ASIS International, an association for security management professionals, announced the agenda for its free Security Cares program, which will be held during its 63rd ASIS International Annual Seminar and Exhibits (ASIS 2017), Sept. 25-28 in Dallas, TX.
This security education program for small/medium-sized businesses/institutions—including houses of worship, hospitals/clinics, schools, retailers and restaurants, as well as community leaders, law enforcement, and first responders—will tap into the expertise of the more than 20,000 security professionals attending ASIS 2017 by offering free training on the fundamentals of security prevention and preparedness.
"Every day, ASIS members work to bolster the security readiness of communities around the world. We are pleased to be able to leverage this concentration of knowledge as part of our flagship event to deliver hands-on training for small-to-medium-sized organizations who do not necessarily have the resources for a standalone security function," said Peter J. O'Neil, Executive Vice President and CEO of ASIS International.
"Whether through our School Security Grant Program, free Law Enforcement and Military Appreciation Day, or Security Cares, we are committed to leaving the cities that host our Annual Seminar and Exhibits safer and more resilient."
Active Shooter/Assailant Session
The program kicks off Wednesday, Sept. 27 with an active shooter/assailant session featuring Dallas Sheriff Lupe Valdez. Moderated by Kevin Doss, CPP, PSP, author Active Shooter: Preparing for and Responding to a Global Threat, the panel covers the unique risks facing small/medium-sized businesses and community and cultural institutions and steps these organizations can take now to both prepare for, and respond to, an active shooter/assailant incident. Insights will spotlight the importance of a crisis management plan and the various free resources available through local law enforcement and the Department of Homeland Security (DHS).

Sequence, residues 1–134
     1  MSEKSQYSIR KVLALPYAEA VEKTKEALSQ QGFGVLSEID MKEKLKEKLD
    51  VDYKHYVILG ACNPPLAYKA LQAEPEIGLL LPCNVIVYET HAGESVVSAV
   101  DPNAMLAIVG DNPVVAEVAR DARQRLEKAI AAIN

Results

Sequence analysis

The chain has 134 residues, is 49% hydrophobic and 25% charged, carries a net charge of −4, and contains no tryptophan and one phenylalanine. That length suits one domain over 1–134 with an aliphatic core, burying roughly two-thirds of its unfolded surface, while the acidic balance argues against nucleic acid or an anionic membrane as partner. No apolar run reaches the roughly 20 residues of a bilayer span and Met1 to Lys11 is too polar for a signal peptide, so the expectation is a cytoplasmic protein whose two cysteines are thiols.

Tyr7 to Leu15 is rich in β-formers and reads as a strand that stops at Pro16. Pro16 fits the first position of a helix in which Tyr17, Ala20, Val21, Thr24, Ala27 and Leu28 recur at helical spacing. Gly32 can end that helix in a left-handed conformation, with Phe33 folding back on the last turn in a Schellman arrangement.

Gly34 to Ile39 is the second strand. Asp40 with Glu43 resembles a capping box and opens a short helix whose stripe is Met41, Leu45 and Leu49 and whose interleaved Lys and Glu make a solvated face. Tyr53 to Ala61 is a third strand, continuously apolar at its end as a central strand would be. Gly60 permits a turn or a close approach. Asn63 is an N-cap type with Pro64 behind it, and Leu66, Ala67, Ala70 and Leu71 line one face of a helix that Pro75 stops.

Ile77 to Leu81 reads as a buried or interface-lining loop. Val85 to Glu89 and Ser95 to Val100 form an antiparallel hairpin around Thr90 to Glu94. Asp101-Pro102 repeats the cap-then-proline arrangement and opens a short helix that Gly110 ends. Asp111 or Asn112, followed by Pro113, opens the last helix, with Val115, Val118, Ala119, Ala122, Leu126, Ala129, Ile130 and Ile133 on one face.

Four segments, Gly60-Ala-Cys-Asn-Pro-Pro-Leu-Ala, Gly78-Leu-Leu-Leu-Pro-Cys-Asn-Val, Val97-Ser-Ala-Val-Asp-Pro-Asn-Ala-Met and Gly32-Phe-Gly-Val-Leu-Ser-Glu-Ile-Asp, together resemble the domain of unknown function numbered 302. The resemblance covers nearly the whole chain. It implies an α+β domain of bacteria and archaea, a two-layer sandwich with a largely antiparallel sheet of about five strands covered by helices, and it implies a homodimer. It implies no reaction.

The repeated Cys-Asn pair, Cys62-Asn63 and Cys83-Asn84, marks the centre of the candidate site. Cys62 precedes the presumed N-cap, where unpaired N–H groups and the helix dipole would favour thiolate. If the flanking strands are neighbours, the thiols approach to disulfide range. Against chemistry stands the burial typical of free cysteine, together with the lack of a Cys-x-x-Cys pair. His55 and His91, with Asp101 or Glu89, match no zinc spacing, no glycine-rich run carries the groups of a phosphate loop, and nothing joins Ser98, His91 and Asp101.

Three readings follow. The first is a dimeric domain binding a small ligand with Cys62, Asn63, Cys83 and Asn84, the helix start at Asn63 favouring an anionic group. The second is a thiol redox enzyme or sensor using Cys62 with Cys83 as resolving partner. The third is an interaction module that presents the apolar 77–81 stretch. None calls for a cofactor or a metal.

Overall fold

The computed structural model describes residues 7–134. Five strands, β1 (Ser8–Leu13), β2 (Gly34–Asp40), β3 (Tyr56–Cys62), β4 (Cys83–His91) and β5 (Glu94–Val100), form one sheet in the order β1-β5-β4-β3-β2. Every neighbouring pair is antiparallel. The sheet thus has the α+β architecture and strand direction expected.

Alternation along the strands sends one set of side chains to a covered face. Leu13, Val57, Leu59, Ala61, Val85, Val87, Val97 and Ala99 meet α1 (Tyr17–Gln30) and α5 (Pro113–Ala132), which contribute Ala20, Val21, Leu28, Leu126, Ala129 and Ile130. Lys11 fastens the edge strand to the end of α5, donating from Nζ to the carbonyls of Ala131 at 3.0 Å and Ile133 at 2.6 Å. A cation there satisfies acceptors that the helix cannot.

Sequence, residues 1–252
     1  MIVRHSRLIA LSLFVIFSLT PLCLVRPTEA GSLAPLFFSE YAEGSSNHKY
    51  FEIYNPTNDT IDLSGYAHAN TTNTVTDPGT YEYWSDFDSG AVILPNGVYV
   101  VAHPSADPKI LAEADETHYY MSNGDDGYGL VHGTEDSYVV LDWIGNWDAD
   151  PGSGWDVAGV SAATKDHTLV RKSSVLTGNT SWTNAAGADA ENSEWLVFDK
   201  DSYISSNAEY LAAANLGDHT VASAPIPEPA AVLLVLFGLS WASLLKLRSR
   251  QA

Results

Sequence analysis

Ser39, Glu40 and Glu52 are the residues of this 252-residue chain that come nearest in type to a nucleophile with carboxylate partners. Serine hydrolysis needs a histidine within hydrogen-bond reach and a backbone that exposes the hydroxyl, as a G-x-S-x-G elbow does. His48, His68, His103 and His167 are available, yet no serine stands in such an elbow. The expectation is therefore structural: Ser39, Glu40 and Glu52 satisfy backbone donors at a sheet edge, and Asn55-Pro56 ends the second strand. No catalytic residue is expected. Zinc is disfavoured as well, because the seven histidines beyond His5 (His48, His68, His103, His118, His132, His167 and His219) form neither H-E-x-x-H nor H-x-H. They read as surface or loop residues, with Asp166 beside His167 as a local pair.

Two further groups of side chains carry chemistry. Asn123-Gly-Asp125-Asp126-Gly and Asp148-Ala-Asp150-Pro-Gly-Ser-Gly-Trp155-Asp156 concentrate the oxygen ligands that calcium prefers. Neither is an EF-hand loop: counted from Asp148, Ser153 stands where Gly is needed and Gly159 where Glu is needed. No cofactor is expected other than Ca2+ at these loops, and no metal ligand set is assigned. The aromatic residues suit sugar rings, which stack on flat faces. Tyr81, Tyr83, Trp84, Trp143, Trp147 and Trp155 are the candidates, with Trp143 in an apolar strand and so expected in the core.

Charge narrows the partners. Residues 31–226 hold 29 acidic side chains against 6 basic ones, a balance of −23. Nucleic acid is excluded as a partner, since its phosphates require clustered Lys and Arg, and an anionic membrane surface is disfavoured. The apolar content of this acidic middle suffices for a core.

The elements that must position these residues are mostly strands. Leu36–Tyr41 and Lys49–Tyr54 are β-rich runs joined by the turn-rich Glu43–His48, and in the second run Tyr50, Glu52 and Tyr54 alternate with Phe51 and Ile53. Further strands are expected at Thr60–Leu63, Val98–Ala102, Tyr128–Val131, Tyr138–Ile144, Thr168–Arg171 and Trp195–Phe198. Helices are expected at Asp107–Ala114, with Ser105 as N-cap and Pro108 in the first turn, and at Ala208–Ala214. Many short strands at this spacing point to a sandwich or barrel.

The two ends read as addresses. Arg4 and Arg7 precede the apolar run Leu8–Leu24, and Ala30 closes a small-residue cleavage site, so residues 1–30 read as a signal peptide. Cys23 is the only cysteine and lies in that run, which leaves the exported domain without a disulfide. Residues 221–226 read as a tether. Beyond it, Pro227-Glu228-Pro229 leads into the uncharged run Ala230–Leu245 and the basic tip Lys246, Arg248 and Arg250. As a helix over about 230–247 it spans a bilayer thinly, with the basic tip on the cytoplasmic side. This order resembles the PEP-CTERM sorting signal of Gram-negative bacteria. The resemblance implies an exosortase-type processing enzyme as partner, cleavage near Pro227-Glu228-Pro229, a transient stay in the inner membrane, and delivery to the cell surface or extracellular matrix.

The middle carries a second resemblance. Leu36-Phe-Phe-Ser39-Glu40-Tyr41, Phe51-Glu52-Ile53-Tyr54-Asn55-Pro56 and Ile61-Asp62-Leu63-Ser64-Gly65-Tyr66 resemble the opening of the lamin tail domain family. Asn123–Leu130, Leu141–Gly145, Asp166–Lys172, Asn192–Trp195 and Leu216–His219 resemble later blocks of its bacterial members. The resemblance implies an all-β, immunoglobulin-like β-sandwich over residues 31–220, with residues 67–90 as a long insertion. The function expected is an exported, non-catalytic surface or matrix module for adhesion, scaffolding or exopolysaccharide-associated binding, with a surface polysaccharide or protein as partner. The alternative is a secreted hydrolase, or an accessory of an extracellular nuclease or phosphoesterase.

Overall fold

Opening Session Speakers
- Michael Dailey, Chief, Outreach Programs Branch, U.S. Department of Homeland Security Infrastructure Protection, Region VI
- Jim McGuffey, CPP, PCI, PSP, author Houses of Worship Security Risk Analysis Process and owner, A.C.E. Security Consultants
- Paul Timm, PSP, author School Security: How to Build and Strengthen a School Safety Program and president, RETA Security
- Sheriff Lupe Valdez, Dallas County Sheriff's Department
Wednesday’s second session focuses on having effective prevention and emergency response plans in place
Prevention And Emergency Response Plans
“DHS is proud to support the efforts of the Security Cares initiative, especially as it relates to helping educate small and medium-sized businesses on how they can improve their security posture,” said Michael Dailey, chief, Outreach Programs Branch, DHS IP Region VI. “These efforts go hand-in-hand with DHS’s Hometown Security concept that seeks to help better prepare communities and businesses from tragedies stemming from active shooters and/or terror incidents by asking small and medium-sized businesses and places of public gatherings to ‘Connect, Plan, Train, and Report.”
Wednesday’s second session, “Preventing Violence: Developing and Testing Your Readiness Plans,” focuses on having effective prevention and emergency response plans in place and includes peer-to-peer collaboration in an immersive, simulated scenario focused on testing protocols to surface vulnerabilities. Following the formal program, participants will take a guided tour of the exhibit hall to learn more about the types of security services and solutions available to provide a safe work environment.
Security Cares Sessions
- Don’t Be a Victim! Fundamentals of Cybersecurity, offering best practices and guidelines from leading IT security experts on basic steps to secure an organization’s information assets.
- Mail Security Best Practices (presented by Amanda McMurrey, U.S. Postal Inspector), will provide a primer on safe mail handling practices and share insights into how small businesses and organizations without a formal mail room can take advantage of the U.S. Postal Inspection Service’s resources.